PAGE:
Do You Regularly “Fit Test” Your Employees?

Photo by Dreamstime
Photo by Dreamstime

One of the biggest conundrums in performance management is knowing how best to address the needs and possibilities of the different groups in an organization’s talent base.

In particular, there is the challenge of how to bring out the best from the “thick middle,” the 80 percent or so of “Steady Eddies” who get the job done but don’t necessarily stand out in their roles.

Anthony Tjan, founder and CEO of the venture capital firm Cue Ball, highlights a number of suggestions in his HBR Blog post The Challenge of the Average Employee. One particular idea worth noting is what he calls a “Fit Point Test.”

Tjan argues that we may be spending too much time discussing performance and not enough time discussing job fit in our regular conversations with employees – a particular pitfall for those in the middle of the pack.

At regular intervals of a person’s career, there should be not just “performance reviews” but also what I call a “Fit Test Point.” Too many times we see someone who can do the job, but if we are truly honest know that in the long-run they will be stuck in the middle of the organization. My sense is that companies spend more time discussing performance than they do “fit.”

Performance reviews are biased towards looking out for the best interests of a company — as long as someone is doing their job they have a place. A “Fit Test Point” is a tool to carefully consider the best interests of an employee. Is this person in product development really better served finding a position as an industry or market researcher, or is that analyst who can clearly make the next two rungs of the management track better served making a switch in her career now given the opportunity cost of time?

We all know situations where instincts and experience alerted us that a job was not the best fit for someone, yet we let the person continue because they filled a short-term need or because we lacked the courage to have the honest “Fit Test” conversation. Consider key inflection points of one’s career advancement and have the parallel conversation of performance and fit reviews.”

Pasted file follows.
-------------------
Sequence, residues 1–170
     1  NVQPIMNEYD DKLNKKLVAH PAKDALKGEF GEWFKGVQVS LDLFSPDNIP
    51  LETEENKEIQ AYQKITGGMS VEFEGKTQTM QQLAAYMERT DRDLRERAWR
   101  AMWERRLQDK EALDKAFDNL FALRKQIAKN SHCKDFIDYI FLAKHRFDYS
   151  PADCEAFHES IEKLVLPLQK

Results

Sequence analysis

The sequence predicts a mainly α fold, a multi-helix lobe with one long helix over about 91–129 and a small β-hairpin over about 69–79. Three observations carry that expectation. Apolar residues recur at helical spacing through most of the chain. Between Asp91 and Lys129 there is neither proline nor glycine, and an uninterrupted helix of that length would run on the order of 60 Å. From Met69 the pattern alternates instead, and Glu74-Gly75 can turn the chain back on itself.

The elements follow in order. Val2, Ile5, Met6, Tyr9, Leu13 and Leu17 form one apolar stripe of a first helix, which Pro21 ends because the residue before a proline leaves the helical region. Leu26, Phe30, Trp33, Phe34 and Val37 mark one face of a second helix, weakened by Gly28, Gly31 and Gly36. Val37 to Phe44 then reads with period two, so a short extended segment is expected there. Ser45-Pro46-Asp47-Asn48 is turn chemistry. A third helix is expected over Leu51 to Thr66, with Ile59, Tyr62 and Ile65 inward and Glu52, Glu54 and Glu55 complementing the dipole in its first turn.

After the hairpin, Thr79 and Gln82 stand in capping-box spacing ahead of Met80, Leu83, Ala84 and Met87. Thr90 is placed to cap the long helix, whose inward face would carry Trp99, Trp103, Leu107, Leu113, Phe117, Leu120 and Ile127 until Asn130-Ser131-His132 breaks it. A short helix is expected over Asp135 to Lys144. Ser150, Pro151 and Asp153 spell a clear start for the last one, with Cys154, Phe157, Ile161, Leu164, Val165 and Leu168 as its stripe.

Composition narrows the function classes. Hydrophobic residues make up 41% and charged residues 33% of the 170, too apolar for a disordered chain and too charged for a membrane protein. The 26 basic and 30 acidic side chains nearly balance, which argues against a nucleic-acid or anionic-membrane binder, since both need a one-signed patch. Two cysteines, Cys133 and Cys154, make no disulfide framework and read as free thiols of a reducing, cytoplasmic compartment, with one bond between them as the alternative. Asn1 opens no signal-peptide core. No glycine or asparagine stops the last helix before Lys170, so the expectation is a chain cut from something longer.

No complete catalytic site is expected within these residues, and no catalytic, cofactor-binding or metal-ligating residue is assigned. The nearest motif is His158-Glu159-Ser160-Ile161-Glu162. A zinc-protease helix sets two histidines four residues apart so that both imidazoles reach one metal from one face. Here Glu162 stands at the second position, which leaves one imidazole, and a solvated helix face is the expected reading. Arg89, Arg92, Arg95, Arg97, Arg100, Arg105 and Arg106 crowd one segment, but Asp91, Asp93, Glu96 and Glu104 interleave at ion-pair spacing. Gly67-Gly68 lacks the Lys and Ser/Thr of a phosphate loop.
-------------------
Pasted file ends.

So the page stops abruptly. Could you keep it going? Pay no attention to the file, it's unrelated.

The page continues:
What do you think of the idea of a regular Fit Test conversation – above, beyond and/or distinct from any performance review process? What support and resources would managers need to conduct this conversation in a productive and appropriate manner?

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Who out there is already doing something like this and can share any lessons from their experience?

This was originally published on Ann Bares’ Compensation Force blog.

Ann Bares is the Managing Partner of Altura Consulting Group. She has over 20 years of experience consulting in compensation and performance management and has worked with a variety of organizations in auditing, designing and implementing executive compensation plans, base salary structures, variable and incentive compensation programs, sales compensation programs, and performance management systems.

Her clients have included public and privately held businesses, both for-profit and not-for-profit organizations, early stage entrepreneurial organizations and larger established companies. Ann also teaches at the University of Minnesota and Concordia University.

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